Ghoulies II (1988)

Starring Damon Martin, Royal Dano, Phil Fondacaro, J. Downing, Kerry Remsen, Dale Wyatt

Directed by Albert Band

Expectations: Low. There’s no way this can live up to the first one.

On the general scale:

On the B-movie scale:
threehalfstar


Ghoulies II is a film working against the odds. The first Ghoulies is a cult horror/comedy masterpiece (if you go for those sorts of things) and generally sequels to such fare are always inferior. I am happy to report that Ghoulies II is an exception to the rule. When four minutes in there’s a man with a groaning, wriggling sack over his shoulder being chased by three guys in blood-red satanist robes, you know you’re in for something…might be special, might be shit, but it’s definitely not gonna be middle of the road.

Apparently these satanists summoned the Ghoulies and the guy with the sack is making off with them to kill them. He runs into a gas station garage and throws the whole bag into a steaming toxic waste barrel. I’ve never seen a toxic waste barrel spewing fog at my local garage, but this is Ghoulies II so we’re just gonna go with it. Needless to say, the toxic waste has zero effect on the Ghoulies. They jump out and stop-motion their way over to a parked diesel rig. Soon, we’re all on our way to the carnival via the truck carrying the Satan’s Den attraction and our lovable Ghoulies.

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Starting July 5th: A Fistful of Djangos!

Hey everyone, grab your cowboy hat and your gatling gun ’cause here at Silver Emulsion we’re rolling out a two-week Django extravaganza! It will run Mon-Thurs starting July 5th and will continue the following Monday July 12th.

The Django series isn’t an actual series when defined by strict definitions, but like all good Italian films from that era, it spawned a gazillion clone movies that sought to capitalize on the first film’s success. Uncle Jasper and I are going to tackle four films each, for an eight film, two-week look at this classic Spaghetti Western series. Check back soon for more details, including a schedule of the films we’re taking a look at! It’s gonna be Django-rific!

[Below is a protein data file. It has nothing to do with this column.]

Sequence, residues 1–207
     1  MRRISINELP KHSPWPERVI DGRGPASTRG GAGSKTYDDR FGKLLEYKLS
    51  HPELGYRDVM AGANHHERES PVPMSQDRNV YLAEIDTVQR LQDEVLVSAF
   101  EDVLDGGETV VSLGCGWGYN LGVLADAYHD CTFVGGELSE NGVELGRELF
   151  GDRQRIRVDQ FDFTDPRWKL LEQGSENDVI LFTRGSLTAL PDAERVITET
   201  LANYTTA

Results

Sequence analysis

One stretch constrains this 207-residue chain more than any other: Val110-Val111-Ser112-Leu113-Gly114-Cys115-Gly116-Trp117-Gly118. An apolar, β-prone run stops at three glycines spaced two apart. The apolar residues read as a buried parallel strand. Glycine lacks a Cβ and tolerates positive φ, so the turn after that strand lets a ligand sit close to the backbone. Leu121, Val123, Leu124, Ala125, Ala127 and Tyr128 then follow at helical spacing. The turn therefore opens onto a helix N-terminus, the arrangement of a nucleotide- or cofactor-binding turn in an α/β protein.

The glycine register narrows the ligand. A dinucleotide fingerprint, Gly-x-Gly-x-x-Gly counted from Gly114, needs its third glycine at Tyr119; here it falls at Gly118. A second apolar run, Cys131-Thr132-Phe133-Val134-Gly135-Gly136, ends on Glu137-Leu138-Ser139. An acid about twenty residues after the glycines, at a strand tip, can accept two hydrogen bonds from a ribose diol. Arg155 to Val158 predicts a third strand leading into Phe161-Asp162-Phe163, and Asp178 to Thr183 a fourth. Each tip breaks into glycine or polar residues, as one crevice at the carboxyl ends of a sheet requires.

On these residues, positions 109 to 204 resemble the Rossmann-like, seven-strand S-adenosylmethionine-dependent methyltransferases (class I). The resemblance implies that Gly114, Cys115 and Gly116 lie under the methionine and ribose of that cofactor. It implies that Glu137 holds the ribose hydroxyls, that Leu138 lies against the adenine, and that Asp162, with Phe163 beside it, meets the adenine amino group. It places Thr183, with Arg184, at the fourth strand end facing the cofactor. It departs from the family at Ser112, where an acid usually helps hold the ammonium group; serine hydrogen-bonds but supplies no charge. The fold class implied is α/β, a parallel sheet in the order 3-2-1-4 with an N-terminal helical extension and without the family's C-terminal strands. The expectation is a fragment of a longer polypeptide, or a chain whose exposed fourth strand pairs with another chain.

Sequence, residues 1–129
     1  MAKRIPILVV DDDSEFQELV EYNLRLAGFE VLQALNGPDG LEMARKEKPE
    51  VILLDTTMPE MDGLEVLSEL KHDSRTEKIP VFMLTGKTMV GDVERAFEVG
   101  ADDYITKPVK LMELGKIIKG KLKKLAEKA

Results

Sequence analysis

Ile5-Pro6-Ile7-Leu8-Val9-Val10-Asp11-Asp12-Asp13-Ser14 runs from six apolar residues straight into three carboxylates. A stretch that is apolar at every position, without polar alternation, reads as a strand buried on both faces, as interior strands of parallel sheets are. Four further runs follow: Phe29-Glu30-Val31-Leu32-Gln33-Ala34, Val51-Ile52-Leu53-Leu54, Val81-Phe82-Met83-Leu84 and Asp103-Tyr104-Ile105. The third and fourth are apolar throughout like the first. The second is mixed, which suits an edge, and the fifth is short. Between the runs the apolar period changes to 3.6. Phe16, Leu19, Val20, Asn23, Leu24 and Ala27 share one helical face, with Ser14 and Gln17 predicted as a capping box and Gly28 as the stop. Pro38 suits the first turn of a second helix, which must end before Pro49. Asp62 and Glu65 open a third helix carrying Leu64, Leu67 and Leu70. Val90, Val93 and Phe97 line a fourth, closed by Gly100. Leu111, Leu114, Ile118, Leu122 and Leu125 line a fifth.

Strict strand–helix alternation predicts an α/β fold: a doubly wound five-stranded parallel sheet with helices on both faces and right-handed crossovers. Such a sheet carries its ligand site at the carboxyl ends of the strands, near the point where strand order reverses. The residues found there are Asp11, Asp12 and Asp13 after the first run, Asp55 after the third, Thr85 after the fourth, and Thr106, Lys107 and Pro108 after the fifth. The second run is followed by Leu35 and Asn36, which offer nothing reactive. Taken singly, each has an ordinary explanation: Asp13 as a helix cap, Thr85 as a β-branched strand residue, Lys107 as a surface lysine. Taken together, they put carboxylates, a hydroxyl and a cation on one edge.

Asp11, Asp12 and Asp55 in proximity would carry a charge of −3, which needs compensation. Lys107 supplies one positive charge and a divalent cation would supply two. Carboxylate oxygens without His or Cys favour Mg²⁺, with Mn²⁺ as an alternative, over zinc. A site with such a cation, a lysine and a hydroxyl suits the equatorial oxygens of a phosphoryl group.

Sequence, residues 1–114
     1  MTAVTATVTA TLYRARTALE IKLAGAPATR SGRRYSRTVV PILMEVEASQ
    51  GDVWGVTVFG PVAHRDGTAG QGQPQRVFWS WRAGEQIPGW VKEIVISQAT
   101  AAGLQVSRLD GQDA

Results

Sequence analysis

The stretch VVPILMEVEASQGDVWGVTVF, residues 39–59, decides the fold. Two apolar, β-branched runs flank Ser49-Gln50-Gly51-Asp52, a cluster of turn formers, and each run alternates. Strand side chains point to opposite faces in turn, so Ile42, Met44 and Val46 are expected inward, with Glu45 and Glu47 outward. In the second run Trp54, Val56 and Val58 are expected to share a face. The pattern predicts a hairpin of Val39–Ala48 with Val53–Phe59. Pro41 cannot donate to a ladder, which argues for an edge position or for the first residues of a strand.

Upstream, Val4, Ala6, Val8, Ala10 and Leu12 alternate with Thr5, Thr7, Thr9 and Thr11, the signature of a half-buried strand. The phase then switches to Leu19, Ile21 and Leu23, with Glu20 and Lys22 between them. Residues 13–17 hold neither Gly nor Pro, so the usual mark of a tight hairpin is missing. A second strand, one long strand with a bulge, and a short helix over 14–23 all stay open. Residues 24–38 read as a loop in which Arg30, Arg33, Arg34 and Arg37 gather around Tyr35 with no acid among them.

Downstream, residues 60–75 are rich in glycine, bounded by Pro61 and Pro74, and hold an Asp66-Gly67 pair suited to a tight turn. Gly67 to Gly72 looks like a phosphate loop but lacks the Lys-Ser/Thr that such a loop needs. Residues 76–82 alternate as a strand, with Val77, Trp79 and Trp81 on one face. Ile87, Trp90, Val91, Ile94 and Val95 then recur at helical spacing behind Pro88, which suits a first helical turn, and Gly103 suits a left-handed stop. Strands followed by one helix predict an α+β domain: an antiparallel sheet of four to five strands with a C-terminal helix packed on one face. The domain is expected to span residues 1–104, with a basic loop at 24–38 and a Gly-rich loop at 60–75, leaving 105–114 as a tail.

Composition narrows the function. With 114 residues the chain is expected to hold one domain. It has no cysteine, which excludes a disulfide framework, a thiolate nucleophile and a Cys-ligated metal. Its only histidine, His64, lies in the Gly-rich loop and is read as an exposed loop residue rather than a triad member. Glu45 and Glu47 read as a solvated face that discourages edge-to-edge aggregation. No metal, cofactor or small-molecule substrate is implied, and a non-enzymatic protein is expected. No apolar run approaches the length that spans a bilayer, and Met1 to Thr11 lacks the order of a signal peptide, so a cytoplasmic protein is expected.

If you’re excited about it as we are, feel free to post the banner image on your site!

Mini-Review: This Film is Not Yet Rated (2006)

Starring Kirby Dick, Jack Valenti, Kimberly Peirce, Alison Anders, John Waters, Becky Altringer

Directed by Kirby Dick

Expectations: Medium.


This Film is Not Yet Rated looks to pull the tablecloth out from under the MPAA and expose their asinine film rating system. I am the choir this film is preaching to, I’ve been the guy complaining about the stupidity of the rating system for years. Therefore, this film didn’t teach me anything new, but it does entertain for the most part. If you haven’t noticed, films are rated arbitrarily and more for sexual content than for violence. This speaks to our generally conservative and sometimes backwards culture, where violence is more okay than sex for kids to see.

This film is great for the uninitiated to see the rating practices of the MPAA. The film and its director, Kirby Dick, are a bit extreme in their methods of obtaining the information for the film, resulting in something that will play well to people of like minds, but won’t necessarily sway combative viewers. It reminds me of Michael Moore’s films in this way, albeit a lot less well-made. It is interesting but a bit too long, check this one out if you’re in the mood for a bit of investigative journalism.

Like Stars on Earth (2007)

Like Stars on Earth [Taare Zameen Par (तारे ज़मीन पर)] (2007)

Starring Darsheel Safary, Aamir Khan, Tisca Chopra, Vipin Sharma, Sachet Engineer, Tanay Chheda, M.K. Raina

Directed by Aamir Khan

Expectations: Moderate.


I’ve had this DVD sitting on my shelf for about two months. I kept putting it off because of its long runtime (165 min.) but when I finally put it in I found myself pleasantly surprised. The film slowly builds, introducing you to its world and by the end I was in love. It is incredibly multi-faceted but never feels stretched or forced. At its heart it is an uplifting drama, but it’s also a musical that features sequences of claymation, traditional animation and even a bit of 3d animation.

The film seeks to tell the story of Ishaan, a young boy who is having trouble keeping himself focused in school. He tends to look out the window and daydream more than actually study. He is an imaginative boy and the many forms of animation and art impart this to the viewer. The film reflects the colorful Indian culture beautifully, from flowing fabrics to intense watercolor paintings. Overall, the film is well-shot and nice to look at. There isn’t anything about the cinematography that stands out all that much, but it does have a general high quality.

Continue reading Like Stars on Earth (2007) →

Shutter Island (2010)